Better panels produce more energy more efficiently, saving you more money for more years. But they might cost more up front.
Thin film solar panels cost less than crystalline ones, but aren’t as durable and have lower solar efficiency. So you’ll need more thin film panels to produce the same amount of energy as a lower number of crystalline ones, and you’ll need to replace them sooner. Compare thin film to crystalline panels head to head.
And even within these two categories, there are higher and lower quality panels. As with any product, ‘cost’ isn’t as simple as the sticker price. But especially when thinking 20-30 years out like you should with solar power, cost is not a one-time event. But in terms of upfront costs only, a low-quality thin film solar panel will be your cheapest option.
Cost Factor 3: Ease of Installation
If you’ve got a simple flat roof, or an angled roof that faces in the ideal solar absorbing direction for your location, installation is faster and therefore less costly. Houses with irregular rooflines, skylights, and challenging angles can make installation more complicated.
Also, are you installing a ground mounted or a roof mounted system? In general, ground mounted solar panels cost more. But on the other hand, if your roof is old and needs to be replaced before you install your solar panels, a roof mounted system will cost more.
Cost Factor 4: How Quickly You Reach the Break-Even Point
If you’re thinking about cost over the next 20-30 years and not just a one-time event, this is the most important factor. Better solar panels that produce more energy and last longer will save you more money over time.
A lot more.
Plus, power costs go up every year, so your savings increase annually. This is also affected by where you live. If you live in a place with higher power costs, your savings will be greater. If you live in a place with ideal solar conditions, your panels will produce more energy and therefore save you more.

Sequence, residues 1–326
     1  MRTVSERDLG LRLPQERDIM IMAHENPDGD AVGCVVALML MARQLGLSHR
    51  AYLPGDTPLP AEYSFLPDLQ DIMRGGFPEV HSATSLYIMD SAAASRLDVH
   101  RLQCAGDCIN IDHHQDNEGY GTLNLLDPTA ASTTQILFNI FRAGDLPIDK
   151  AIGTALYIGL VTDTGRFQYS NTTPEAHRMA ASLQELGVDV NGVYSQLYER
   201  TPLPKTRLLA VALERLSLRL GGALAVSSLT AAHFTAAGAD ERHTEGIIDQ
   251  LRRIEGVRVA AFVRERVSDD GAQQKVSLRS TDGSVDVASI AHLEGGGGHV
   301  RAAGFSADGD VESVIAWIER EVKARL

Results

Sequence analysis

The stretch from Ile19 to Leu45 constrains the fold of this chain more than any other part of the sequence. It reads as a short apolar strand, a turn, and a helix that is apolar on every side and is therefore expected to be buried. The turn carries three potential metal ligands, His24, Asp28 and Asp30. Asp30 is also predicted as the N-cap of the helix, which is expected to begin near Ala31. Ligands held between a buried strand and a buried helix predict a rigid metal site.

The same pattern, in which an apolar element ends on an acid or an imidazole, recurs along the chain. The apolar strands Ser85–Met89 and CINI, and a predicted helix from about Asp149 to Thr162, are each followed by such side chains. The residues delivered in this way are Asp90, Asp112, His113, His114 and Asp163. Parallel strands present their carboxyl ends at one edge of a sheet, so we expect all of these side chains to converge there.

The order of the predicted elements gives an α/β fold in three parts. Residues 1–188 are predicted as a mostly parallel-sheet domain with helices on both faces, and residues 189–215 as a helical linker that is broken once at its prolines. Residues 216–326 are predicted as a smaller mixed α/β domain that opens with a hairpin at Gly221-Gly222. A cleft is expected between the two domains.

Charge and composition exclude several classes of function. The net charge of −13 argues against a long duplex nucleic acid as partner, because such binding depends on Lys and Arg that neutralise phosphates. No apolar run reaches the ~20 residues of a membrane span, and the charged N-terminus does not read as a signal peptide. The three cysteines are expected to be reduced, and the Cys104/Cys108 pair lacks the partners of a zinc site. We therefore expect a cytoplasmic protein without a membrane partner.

The faster you start saving money and the sooner you recover your solar costs, the less costly they are over their lifetime. So, a 10-year break-even point is very different from an 8-year break-even point. That’s two additional years you’ll be realizing monthly savings from solar power.
All of this is thrown for a loop if you add a solar power battery and energy storage system. Something like this increases initial costs, but makes up for it by providing backup power (in some cases) and a better long-term return on your investment.
Cost Factor 5: Choice of Solar Installer
Unlike in most industries, in solar the bigger companies actually charge more than the smaller ones most of the time. But again, it’s not that simple. A shoddy installation job can cost you tons of money in lost savings as well as new expenses later on.
So you want a happy middle – an installer who knows what they’re doing but who doesn’t charge what the big companies charge.
Your best guarantee of quality installation is the warranty and service history. Coastal Solar is not a big national company, but our service is second-to-none and our equipment comes with warranties that last up to 25-years. You’re getting the ideal combination of experience, quality, and cost when you go with a solar company like us.
Residential Solar Power Costs You Can Afford
As you saw at the beginning, the very best (and only) way to really know the costs of solar power for your home is to get an actual quote. If you’re going solar in Savannah — or anywhere else — we can help.
Request your free quote from Coastal Solar today, and see what great customer service looks like.